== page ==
So, it seems like everyone is interested in picking up a hook and having a go at crochet. I couldn't be happier about this. I LOVE to crochet and I actually have a deep need to always have a project big or small on the go. In the many years that I've been crocheting I've picked up lots of little tips and tricks. Mostly things I've learned myself from trial and error, I thought it might be helpful to share some of that knowledge here!
To start off I've picked the "adjustable ring" to share with you. Why? Well because once I discovered it I was surprised at the difference it made to the look of my crochet. You'll see. If you love granny squares you'll love this technique.Before we begin I must add that I'm left handed and I've flipped the photos to show the right handed way, fingers crossed they make sense to you right hand people out there. OK lets see what this adjustable ring thing is all about.
|adjustable ring on the left - chain centre on the right|
Ok from my lovely flashing gif above you can see two crochet buntings in action. On the left is the bunting triangle made with the adjustable ring method and on the right is one made with a chain centre. See how nice and tight the adjustable ring makes the centre? See how it makes the bunting a nice shape? And that sits flat? Amazing huh? It can do the same for granny squares too, making your blankets, cushions etc sit nice and flat without the need of much blocking (eek blocking I hear you cry? I'll cover that in another post!).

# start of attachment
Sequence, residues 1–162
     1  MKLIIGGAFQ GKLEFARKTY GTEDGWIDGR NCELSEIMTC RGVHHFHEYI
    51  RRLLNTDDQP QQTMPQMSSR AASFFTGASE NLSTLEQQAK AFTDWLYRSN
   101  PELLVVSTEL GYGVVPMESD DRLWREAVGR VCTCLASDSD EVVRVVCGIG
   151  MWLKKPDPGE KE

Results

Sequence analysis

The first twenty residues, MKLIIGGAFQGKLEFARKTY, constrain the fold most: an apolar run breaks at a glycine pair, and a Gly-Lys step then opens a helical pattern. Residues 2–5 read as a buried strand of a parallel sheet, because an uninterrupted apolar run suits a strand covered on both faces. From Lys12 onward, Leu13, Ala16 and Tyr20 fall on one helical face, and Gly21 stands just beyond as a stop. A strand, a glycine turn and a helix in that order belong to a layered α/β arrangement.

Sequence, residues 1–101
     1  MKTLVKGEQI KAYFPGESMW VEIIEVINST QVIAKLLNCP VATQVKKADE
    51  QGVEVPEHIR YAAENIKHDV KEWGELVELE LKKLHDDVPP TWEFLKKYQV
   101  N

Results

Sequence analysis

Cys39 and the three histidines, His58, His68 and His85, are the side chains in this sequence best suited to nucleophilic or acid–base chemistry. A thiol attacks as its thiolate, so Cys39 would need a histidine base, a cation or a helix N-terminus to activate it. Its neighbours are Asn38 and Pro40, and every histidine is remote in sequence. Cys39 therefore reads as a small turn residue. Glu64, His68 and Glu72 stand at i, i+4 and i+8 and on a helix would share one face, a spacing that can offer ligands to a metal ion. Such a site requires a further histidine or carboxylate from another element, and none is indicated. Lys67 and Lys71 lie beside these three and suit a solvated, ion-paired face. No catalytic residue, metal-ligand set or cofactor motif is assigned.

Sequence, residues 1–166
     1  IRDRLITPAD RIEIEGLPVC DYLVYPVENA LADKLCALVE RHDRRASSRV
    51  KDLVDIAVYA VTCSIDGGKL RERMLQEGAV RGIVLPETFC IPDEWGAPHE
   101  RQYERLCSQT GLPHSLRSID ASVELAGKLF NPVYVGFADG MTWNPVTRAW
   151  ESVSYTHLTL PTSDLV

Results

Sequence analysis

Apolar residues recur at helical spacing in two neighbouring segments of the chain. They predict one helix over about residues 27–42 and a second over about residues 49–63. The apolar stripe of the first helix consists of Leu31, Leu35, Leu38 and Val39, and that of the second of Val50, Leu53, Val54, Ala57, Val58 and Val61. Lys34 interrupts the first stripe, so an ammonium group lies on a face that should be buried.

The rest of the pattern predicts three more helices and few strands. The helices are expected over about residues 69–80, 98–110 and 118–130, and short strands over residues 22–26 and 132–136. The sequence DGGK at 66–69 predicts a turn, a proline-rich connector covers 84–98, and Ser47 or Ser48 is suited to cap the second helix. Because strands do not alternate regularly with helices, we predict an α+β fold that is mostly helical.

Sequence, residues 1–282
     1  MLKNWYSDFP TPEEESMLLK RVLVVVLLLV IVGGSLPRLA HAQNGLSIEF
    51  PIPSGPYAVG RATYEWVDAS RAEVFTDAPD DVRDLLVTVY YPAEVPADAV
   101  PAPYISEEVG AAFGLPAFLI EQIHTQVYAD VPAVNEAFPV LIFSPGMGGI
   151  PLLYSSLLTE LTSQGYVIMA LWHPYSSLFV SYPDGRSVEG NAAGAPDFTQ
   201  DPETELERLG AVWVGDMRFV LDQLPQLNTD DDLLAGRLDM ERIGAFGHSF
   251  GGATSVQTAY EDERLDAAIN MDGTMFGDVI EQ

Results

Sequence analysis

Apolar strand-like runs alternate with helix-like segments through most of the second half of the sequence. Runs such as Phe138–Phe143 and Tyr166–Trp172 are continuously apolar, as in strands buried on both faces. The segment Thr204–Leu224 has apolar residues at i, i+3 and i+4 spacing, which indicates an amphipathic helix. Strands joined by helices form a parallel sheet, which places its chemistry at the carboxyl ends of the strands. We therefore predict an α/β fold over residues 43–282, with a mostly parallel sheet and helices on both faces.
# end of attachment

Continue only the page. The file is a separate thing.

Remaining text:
To make an adjustable ring, you need to wrap the yarn around your fingers a couple of times, do the beginning chains as per pattern instructions. In the example I've chained three to stand as a double crochet, then do the required number of stitches into the ring. Once you've done all the required stitches, put your thumb into the middle, the pull the yarn end until it's tight on your thumb. Make sure the ring is smooth and no yarn is popping up, then remove your thumb and pull tight.
You'll end up with something like this, a nice tight centre! How cool is that? Below is the right hand pics.
So when would you use this technique? Well for example this bunting pattern said "chain 6, then join to end to form a ring" - So in this instance you would forget about the chain part and just do an adjustable ring. It works well for hats and basically ANY pattern that suggests you "chain x amount" and then join into a ring. I find this works really well, especially if you are substituting yarn and find the number of chains the pattern suggest means that you can't fit all the stitches required into the ring.
I'd love to share more tips over the coming weeks, and I'd love to hear from you if you've got a crochet question or something that's had you scratching your head that I may be able to help you with.